L-R: Ramon Sison Jr., Ogie Agaton, Julius Oligo, Rick Calizon, Thea Sulangi, Peter Natividad, Romeo Jalandoni, Ruby Atencio, Mark Manalili and Rodrigo EnanoHow do you move 600 years of arts and letters from Point A to Point B?
That’s how the Lopez Museum and Library’s collection of 19th century art and beyond, numerous artifacts, manuscripts and forgotten letters—the list goes on—were moved.
Riffling through the camera roll of the institution’s relocation documentation, one will find lots of photos of hands.
Hands holding up cabinets, vitrines, pedestals. Dusty hands pulling straps knotted on pallets supporting a mountain of library documents, hands pushing racks of fine art. Nineteen pairs of hands lifting a crate, drenched in sweat and reddened by the sharp edges of the wooden boxes. Vaguely seen hands holding up glass. Early in the morning, those hands can be heard ripping out nails, dismantling what they’ve built to make way for other structures to be created.
If one can believe it, those hands are the same ones that wrapped 19th century art, carried each individually packed work onto self-made shelves and crates. Those are the only hands trusted enough to handle Lunas and Hidalgos, Olmedos and Edadeses. The hands that have touched versos of frames, surfaces that many eyes cannot immediately envision as they are rarely seen by the public. They’ve brushed glass particles off prints of Lunas, whose original canvases might be destroyed or stowed where we cannot see.
They are easy to forget, so rarely are they seen in exhibition openings or public programs. It’s only when exhibitions are half-alive in galleries, when microphones do not amplify and when half-finished exhibition texts are plastered on walls, that these hands are seen. When they are recognized, they are bunched together under a banner of acknowledgments. And how many people actually pay attention to the credits?
For the hands that moved a library and the vastness that comes with it, the hands that packed thousands of news clippings, boxed a gargantuan number of periodicals, from shelf to shelf, bookend to bookend, Lopez Museum and Library thanks Jemmar Distarin, Billy Macario, Robert Molina and Ronnie Cabigon. Mountain after mountain of museum and library materials could not have been brought onto trucks and safely transferred out if not for the steady hands of Ogie Agaton, Ed Degorio and Jun Catambay.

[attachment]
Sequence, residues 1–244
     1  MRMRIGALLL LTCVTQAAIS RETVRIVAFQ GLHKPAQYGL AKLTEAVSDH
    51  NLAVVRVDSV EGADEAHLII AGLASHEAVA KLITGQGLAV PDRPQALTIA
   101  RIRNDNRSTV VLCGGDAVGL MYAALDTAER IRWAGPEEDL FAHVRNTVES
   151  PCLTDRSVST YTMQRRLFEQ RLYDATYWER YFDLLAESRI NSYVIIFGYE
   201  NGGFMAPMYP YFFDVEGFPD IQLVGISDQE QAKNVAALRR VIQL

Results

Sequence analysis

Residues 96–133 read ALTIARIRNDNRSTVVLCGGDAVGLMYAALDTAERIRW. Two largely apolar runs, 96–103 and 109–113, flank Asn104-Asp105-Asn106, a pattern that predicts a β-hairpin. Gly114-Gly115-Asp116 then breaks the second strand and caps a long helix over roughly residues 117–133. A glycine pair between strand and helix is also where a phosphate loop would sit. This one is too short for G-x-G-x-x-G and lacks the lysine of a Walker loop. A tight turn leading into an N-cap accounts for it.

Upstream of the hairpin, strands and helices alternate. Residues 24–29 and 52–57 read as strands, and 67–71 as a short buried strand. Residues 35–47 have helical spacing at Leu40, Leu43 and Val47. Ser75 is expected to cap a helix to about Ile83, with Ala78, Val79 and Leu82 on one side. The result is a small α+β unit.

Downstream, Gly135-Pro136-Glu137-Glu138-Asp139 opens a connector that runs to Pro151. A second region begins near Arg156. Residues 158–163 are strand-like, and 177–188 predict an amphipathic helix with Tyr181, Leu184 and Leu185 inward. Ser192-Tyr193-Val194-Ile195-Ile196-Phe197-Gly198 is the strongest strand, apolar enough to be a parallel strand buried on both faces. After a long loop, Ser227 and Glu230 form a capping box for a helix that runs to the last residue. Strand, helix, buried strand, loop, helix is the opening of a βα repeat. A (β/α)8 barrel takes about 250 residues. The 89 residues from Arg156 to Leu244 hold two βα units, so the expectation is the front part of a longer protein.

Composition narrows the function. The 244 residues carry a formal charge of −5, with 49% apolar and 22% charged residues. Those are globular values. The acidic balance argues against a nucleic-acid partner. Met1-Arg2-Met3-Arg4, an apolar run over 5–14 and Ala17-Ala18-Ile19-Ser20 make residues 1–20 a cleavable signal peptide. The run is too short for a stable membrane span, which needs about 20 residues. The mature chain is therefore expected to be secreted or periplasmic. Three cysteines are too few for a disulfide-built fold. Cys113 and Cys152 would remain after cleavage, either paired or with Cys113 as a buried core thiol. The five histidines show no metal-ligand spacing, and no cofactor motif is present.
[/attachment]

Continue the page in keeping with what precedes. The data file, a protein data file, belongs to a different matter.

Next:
For the hands that have known pages and pages of rare manuscripts and hard-to-find newspapers, and created the resource for the institution’s digital library, Lopez Museum and Library continues to thank Julius Oligo, Ramon Sison Jr. and Rochelle Barcelo.
For the hands that helped build the museum’s former home, Benpres Building, and therefore were able to take it apart with care, the institution thanks Domeng Magaling. From all the intricacies of the museum, the artful tables in the former museum cafe, the panels that create new spaces and realms, to the mundane such as stools, desks and shelves containing theses, his hands are the creator.
The museum would not be able to mount exhibitions, let alone boast of its collections management prowess if not for the pairs of hands that know the collection by heart, not only through tactile recognition but also through years of experience with the canvases tucked away in vaults. It is difficult to fully entrust national treasures to any person’s hands and in the Lopez Museum and Library the few hands trusted are those owned by Rodrigo Enano, Romeo Jalandoni and Ricardo Calizon.
Museums do not just happen. They are made, dismantled and moved by hands. Where would our histories be if not for those hands? (Story/Photos by: Yna Musico)
L-R: Jun Catambay, Robert Molina, Julius Oligo, Ronnie Cabigon, Jemmar Distarin and Billy Macario